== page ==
First Time Freezing A Cake, Would Appreciate Advice

Decorating By agouti Updated 25 Oct 2011 , 7:34am by Lovelyladylibra

agouti Posted 24 Oct 2011 , 9:06pm
post #1 of 9

I am planning a cake for Halloween, but don't want to do the entire thing the day before. I have read about freezing the layers of cake beforehand, but there seem to be variations on how to do it. What, in your opinion, is the "best" way to freeze cake?

Thank you for any advice!

8 replies
idgalpal Posted 24 Oct 2011 , 9:23pm
post #2 of 9

I don't know if it's the 'best' way but I torte my layers, then freeze them.

idgalpal Posted 24 Oct 2011 , 9:25pm
post #3 of 9

I don't know if it's the 'best' way but I torte my layers, then freeze them.

sweetminis Posted 24 Oct 2011 , 9:27pm
post #4 of 9

I don't claim to be an expert but the best method I have found is to cool my baked cakes for 10 min. Turn out onto proper size cake board and pop in the freezer uncovered for at least 4 hours. Please note that I have a dedicated refrigerator/freezer so I don't have to worry about picking up odor from other food sources. After approx. 4 hours I tightly wrap my cakes in professional strength plastic wrap (wal-mart/sam's) two times. This allows my cakes to maintain the proper shapes & ensures moist fresh taste everytime. HTH!

cakegirl1973 Posted 25 Oct 2011 , 12:10am
post #5 of 9

I let my cake cool completely, wrap it twice in plastic wrap, and then wrap it once in aluminum foil. Never have had a problem.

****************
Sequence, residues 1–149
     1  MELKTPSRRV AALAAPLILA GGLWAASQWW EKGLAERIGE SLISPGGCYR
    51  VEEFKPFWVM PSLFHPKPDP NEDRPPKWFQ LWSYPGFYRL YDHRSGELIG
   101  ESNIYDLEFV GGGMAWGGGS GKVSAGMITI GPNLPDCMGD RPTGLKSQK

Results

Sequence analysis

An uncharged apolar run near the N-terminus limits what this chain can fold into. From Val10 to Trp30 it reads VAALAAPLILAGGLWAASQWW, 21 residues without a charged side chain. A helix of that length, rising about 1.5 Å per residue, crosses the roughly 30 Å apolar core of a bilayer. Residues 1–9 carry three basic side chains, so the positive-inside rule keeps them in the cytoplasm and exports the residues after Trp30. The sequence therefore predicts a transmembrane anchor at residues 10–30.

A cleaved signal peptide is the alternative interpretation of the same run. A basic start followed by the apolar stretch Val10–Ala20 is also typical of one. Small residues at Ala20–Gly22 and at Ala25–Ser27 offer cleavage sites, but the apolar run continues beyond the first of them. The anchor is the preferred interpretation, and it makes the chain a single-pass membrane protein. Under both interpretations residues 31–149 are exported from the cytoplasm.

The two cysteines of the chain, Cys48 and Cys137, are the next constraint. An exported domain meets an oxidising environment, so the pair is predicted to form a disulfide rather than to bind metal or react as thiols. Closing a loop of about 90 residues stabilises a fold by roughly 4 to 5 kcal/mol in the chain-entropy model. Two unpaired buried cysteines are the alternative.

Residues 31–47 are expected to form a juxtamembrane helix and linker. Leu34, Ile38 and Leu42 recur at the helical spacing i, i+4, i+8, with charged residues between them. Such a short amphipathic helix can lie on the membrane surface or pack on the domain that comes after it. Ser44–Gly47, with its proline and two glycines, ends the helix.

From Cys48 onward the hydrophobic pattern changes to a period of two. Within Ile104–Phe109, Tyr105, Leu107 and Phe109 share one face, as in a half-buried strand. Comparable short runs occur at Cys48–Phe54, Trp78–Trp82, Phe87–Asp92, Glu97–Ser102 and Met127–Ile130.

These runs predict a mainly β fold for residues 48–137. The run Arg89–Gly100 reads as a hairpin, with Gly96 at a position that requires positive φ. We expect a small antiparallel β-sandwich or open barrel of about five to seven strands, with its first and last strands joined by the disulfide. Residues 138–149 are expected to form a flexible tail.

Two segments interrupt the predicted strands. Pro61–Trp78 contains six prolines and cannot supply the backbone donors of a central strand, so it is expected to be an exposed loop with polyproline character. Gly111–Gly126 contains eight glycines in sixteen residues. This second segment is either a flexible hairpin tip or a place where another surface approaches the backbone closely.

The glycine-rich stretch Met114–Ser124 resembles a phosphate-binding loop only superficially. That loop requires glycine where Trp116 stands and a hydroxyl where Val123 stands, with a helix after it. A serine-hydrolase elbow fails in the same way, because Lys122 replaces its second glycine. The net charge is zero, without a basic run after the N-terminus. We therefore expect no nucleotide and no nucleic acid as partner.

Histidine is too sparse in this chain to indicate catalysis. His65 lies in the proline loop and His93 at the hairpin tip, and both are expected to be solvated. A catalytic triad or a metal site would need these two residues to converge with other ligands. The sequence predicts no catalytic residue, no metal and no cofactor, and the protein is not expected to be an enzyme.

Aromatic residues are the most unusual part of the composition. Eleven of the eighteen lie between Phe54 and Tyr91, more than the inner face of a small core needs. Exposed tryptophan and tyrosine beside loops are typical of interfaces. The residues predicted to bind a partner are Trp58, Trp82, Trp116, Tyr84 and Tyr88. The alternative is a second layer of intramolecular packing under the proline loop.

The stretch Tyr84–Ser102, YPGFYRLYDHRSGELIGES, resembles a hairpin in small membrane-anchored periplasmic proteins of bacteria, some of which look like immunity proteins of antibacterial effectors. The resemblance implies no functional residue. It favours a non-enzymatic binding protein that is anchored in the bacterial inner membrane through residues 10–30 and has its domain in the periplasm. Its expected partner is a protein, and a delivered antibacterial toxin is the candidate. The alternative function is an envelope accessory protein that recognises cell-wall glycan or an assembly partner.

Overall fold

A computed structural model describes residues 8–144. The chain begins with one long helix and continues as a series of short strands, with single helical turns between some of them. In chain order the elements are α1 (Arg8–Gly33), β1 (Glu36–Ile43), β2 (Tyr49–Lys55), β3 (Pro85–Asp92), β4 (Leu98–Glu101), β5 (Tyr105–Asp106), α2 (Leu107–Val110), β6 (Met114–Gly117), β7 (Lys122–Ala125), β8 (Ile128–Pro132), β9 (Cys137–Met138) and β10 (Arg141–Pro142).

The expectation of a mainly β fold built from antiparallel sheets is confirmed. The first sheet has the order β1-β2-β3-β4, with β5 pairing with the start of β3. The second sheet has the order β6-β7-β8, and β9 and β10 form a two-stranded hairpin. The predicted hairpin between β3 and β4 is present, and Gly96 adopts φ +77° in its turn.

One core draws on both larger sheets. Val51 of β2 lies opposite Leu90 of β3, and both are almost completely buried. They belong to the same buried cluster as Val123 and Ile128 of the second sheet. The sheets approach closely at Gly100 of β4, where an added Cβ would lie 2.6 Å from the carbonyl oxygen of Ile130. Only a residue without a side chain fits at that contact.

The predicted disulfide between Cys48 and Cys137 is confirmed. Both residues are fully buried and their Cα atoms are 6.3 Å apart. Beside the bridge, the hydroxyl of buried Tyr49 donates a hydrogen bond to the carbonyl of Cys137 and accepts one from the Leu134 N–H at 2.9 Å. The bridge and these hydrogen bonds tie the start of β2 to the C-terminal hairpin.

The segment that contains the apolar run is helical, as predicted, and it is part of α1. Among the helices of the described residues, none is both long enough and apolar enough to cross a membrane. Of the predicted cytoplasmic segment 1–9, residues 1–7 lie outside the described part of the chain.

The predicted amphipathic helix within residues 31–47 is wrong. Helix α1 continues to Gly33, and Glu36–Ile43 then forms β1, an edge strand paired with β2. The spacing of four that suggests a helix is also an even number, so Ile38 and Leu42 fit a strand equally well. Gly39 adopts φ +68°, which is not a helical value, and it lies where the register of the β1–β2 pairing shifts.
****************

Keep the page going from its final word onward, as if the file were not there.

BizCoCos Posted 25 Oct 2011 , 12:17am
post #6 of 9

cool them, torte them, fill them, wrap in saran wrap wrap in foil,wrap in several plastic bages, just thawed two today, finished leveling and did the first of two frostings. The scraps were moist, just delicious.

SarahMdr Posted 25 Oct 2011 , 12:59am
post #7 of 9

I agree with Margiep.... I do the same... but I also syrup them (and will often let the syrup soak overnight or for a day, fill and crumb coat it then put in the freezer, wrapped well. I then defrost it in the fridge (wrapped) and then put on my coat of frosting and decorations. I have done this filed with buttercreams, chocolate and curds with no problems... however, I personally find applying a simple syrup helps to keep the cake moist.. but I have read that others do not do this on this forum and still have excellent results..

tokazodo Posted 25 Oct 2011 , 1:05am
post #8 of 9
Quote:
Originally Posted by sweetminis

I don't claim to be an expert but the best method I have found is to cool my baked cakes for 10 min. Turn out onto proper size cake board and pop in the freezer uncovered for at least 4 hours. Please note that I have a dedicated refrigerator/freezer so I don't have to worry about picking up odor from other food sources. After approx. 4 hours I tightly wrap my cakes in professional strength plastic wrap (wal-mart/sam's) two times. This allows my cakes to maintain the proper shapes & ensures moist fresh taste everytime. HTH!




This is similar to what I do. You can work 2 weeks a head if not more. I never have my act together more then 2 weeks ahead of schedule. I torte them after I freeze them. I take them out of the freezer for about 10 -15 minutes and torte. Then I let the torted layers come up to temperature.

Lovelyladylibra Posted 25 Oct 2011 , 7:34am
post #9 of 9

I let my cakes cool a bit them flip m out onto plastic wrap. then they go into the freezer. when im ready to level/carve I unwrap and carve while frozen. I then re-wrap for it to thaw completely at room temperature then unwrap and frost. That way the cakes dont have a chance to dry out

Quote by @%username% on %date%

%body%